And that is essentially the problem. People accept it. But I don’t think you can entirely blame the people. It is our governance that is educating these people. Pakistan is the only state to declare Ahmadis non-Muslim. When the state has numerous discriminating laws and education against entire sects, how could you expect people to be any different?
How many of our text books proudly mention Dr. Abdus Salam was from the Ahmadiyya community who put Pakistan on the map by becoming the county’s only Nobel Prize winner but then left the nation in protest when his sect was declared non-Muslim? His gravestone was also modified after his death so that it would not read ‘Muslim’. How many of our textbooks tell us that our founder Muhammad Ali Jinnah was a khoji Shia which was a minority community in an already Muslim minority in India? How many of our textbooks tell us that our first ever foreign minister Chaudhry Sir Muhammad Zafarullah Khan who Jinnah referred to as his ‘son’, was a scholar of the Ahmadiyya Muslim community, drafted the Pakistan resolution, represented the country at the United Nations and served as a judge at the International Court of Justice? The answer is not many.
Once a man asked Jinnah if he was Sunni or Shia and Jinnah responded angrily that he was just a Muslim. He was against sectarianism. That’s why Jinnah wanted faith, discipline and unity. Unity is what we lack the most. Sunnis Shias and Ahmedis all truly think that their take on the religion is perfect as do practicing people from any faith in general, and since none of us is God, no one should be allowed to judge personally who is correct.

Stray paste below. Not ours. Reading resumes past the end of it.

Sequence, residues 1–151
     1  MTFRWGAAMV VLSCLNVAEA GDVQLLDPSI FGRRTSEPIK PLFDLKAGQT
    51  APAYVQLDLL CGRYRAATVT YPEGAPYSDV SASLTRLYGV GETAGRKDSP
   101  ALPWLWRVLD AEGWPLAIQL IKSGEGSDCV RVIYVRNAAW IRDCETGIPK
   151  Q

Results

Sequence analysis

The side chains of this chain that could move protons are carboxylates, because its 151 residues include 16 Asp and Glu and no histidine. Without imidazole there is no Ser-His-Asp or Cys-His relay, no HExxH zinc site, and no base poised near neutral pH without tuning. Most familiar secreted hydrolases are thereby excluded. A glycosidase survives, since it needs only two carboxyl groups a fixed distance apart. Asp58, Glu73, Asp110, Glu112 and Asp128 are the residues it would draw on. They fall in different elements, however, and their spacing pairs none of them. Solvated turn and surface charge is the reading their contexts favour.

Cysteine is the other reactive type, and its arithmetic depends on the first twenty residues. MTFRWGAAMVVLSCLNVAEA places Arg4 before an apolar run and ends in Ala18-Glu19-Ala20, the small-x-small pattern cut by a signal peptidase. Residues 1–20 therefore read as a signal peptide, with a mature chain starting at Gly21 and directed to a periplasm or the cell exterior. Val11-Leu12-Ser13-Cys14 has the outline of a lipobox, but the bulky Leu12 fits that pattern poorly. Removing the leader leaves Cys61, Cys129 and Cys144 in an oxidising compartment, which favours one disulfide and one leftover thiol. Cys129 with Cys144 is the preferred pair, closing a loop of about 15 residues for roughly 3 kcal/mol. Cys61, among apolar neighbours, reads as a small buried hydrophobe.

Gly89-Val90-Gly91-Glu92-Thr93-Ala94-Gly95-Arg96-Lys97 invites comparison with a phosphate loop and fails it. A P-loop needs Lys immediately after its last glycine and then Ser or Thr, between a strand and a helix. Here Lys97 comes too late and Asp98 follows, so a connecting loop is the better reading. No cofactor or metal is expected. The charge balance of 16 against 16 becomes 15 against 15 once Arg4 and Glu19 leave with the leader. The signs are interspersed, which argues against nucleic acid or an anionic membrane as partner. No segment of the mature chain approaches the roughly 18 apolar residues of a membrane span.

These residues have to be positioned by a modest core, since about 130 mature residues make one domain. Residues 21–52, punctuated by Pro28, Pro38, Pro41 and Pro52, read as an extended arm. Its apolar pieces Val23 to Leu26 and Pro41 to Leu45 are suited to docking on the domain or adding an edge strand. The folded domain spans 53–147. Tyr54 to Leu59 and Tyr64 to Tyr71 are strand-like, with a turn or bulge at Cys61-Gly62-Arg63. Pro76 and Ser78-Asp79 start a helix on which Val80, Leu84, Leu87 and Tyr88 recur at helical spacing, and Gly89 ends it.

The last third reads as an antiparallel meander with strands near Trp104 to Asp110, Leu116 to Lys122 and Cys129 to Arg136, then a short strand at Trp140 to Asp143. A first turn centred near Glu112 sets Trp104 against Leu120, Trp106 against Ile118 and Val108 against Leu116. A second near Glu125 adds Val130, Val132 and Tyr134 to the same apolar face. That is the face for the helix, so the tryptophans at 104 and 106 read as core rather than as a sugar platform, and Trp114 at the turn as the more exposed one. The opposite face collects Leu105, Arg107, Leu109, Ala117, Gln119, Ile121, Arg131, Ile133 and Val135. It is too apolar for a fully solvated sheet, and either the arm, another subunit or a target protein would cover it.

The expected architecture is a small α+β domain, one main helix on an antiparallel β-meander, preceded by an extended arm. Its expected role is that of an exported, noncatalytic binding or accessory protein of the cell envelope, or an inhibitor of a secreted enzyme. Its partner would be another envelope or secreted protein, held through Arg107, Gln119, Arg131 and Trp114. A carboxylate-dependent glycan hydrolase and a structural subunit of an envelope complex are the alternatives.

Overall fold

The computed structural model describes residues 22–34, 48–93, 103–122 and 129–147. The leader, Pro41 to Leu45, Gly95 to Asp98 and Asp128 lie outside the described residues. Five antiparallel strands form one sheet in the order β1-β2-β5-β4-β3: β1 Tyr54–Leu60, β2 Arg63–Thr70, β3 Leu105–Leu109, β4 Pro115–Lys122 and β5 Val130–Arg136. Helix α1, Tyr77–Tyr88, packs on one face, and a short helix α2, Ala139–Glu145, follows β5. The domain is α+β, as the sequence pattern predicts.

The sectarian groups must be eliminated, madrassas monitored and education heavily reformed to make this mindset in people possible. If not, Pakistan will be contaminated with far too many fanatics. The Quran asks to show kindness to people of all faiths and calls Christians and Jews ‘people of the book’. Today Muslims in Pakistan can’t even be civil to sects of their own religion. It further says that when you see any injustice, then fix it. If you can’t fix it, then raise your voice against it. And if you can’t raise your voice against it, then condemn it in your heart. I think and I hope Pakistan could at least start with the latter.
*Written Exclusively for The Express Tribune Blogs and posted February 26th, 2012